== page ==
It’s an intensely practical qualification, requiring graduates to demonstrate skills within their workplaces such as developing procurement plans, managing development of RFx documents and procurement processes, tender evaluations and knowledge of tendering case law and ethics.
Assessments are carried out via observation, evidence of documents prepared for actual procurement exercises, professional discussions and attestations from senior management. A two-day training course is optionally available to bed down the core skills and knowledge needed for the assessments. This course also can provide some of the evidence needed for assessment.
Costs for registration are $660, and assessment fees vary from $600 up. There are no ongoing costs and currently there is no requirement for further assessments to maintain the qualification.
This qualification is aimed at tender evaluators; procurement strategists, managers and practitioners; and procurement planners.
CIPS qualifications – an internationally-recognised academic qualification
An interesting alternative procurement qualification suite is now available for government procurement personnel. The Chartered Institute of Procurement and Supply (CIPS) is an international organisation (of UK origin) for procurement professionals, offering a suite of qualifications that are recognised by Ofqual, the qualification regulator for England and Northern Ireland
Study for the qualifications is via traditional methods, including largely independent self-study, distance or e-learning, and / or study supported by study centres (none in New Zealand yet, but there are two centres in Australia).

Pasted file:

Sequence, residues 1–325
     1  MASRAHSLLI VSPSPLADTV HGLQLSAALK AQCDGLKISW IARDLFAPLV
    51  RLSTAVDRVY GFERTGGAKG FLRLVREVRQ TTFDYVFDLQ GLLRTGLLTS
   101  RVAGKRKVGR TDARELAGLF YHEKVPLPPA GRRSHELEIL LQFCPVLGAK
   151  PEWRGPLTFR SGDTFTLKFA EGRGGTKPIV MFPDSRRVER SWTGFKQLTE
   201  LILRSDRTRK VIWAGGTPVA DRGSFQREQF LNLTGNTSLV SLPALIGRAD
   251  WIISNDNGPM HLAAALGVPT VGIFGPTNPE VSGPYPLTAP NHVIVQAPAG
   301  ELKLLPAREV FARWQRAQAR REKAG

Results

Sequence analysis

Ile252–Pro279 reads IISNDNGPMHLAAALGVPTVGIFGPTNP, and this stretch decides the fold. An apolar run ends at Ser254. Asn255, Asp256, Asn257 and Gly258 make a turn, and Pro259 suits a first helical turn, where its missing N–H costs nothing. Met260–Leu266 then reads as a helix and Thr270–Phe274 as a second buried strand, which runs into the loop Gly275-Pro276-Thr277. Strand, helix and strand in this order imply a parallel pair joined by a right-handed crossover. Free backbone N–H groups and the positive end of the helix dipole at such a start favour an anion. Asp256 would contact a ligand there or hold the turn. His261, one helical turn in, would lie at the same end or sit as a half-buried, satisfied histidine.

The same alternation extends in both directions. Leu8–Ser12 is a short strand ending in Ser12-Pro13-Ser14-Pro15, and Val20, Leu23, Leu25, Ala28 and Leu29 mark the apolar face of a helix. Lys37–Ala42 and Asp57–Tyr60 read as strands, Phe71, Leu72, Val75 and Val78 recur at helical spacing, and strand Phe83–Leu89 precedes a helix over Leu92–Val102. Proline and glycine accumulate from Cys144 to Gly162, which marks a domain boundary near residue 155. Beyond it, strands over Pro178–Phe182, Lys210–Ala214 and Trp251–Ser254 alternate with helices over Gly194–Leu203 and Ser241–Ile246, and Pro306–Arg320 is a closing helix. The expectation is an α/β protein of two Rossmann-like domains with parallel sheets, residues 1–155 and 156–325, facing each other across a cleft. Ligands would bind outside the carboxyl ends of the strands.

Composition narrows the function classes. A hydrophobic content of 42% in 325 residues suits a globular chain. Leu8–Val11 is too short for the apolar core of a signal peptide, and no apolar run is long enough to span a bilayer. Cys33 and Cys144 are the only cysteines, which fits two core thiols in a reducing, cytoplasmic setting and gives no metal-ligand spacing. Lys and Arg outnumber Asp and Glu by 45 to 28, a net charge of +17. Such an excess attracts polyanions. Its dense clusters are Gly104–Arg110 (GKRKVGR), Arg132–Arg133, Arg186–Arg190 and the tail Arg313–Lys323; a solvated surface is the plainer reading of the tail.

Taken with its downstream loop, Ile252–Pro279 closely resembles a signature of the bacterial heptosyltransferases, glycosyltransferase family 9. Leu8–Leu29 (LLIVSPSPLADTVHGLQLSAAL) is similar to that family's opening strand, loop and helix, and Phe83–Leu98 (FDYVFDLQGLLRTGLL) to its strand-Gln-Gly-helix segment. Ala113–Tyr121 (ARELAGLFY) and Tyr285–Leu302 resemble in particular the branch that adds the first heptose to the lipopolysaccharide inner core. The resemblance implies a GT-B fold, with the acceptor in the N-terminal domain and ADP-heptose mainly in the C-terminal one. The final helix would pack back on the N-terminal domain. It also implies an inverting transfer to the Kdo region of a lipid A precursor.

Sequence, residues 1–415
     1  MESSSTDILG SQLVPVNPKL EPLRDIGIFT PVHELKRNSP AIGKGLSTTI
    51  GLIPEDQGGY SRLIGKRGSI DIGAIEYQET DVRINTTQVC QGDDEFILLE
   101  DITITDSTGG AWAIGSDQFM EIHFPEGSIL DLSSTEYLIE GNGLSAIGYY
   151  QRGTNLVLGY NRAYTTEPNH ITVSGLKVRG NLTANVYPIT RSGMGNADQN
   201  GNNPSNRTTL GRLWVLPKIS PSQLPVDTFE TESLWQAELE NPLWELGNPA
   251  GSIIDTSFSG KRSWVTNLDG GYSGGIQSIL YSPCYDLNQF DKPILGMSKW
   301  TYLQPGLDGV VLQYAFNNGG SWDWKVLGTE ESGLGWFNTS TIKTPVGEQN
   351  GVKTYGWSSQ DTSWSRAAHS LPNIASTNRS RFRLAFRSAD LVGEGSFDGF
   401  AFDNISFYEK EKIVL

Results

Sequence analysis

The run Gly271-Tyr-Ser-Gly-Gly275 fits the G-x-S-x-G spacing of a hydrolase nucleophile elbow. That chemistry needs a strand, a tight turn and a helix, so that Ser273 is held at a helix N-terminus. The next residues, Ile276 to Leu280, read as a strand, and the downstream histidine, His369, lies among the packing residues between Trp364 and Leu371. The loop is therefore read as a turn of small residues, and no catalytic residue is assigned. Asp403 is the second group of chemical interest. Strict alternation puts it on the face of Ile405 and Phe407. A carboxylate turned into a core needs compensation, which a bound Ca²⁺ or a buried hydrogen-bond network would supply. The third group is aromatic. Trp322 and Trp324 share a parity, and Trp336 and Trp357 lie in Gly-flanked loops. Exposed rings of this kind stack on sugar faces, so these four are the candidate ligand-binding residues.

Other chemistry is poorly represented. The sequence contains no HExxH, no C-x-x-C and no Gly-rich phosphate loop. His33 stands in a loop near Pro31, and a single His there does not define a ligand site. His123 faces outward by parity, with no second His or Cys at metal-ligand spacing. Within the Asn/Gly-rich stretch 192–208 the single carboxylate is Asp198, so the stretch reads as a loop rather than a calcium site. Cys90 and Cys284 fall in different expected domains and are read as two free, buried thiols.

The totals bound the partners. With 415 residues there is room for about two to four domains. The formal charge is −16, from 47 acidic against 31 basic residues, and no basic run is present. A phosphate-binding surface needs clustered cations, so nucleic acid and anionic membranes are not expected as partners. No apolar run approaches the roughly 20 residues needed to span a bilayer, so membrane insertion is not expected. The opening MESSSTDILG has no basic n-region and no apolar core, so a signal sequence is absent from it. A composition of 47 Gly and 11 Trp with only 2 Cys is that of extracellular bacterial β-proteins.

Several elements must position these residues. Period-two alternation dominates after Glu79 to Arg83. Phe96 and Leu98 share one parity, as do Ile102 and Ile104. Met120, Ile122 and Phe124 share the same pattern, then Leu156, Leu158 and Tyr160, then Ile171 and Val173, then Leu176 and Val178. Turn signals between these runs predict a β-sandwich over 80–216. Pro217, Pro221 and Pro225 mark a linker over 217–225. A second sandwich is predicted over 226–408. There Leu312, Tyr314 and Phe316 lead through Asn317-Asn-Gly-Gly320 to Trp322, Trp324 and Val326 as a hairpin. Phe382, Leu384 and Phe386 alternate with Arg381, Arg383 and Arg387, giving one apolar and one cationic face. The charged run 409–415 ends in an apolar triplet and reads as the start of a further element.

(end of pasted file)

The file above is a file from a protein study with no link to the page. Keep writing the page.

The New Zealand Ministry of Economic Development’s Government Procurement Development Group (GPDG) supports on-job training but recommends that procurement practitioners progress through the CIPS ‘ladder’ of academic procurement qualifications.
The focus of the CIPS programme is far wider and (understandably, for an academically targeted qualification) more theoretical than the NZQA Procurement Qualification. It covers a range of topics including purchasing, supply chain logistics, sourcing, negotiating, risk management and improving competitiveness of supply chains.
The CIPS qualifications are targeted at buyers, procurement practitioners and procurement professionals.
Assessment is via handwritten, paper-based examinations which can be sat in main centres in New Zealand. Some exemptions and flexibility are available for recognition of prior learning and experience.
Purchase of learning materials, exam fees and text books make up the costs of around $3000 to $4000 for the self-study course, for which some subsidies may be available to government employees. Maintenance of the qualification requires graduates to retain their membership of CIPS (a joining fee and annual subscriptions are applicable).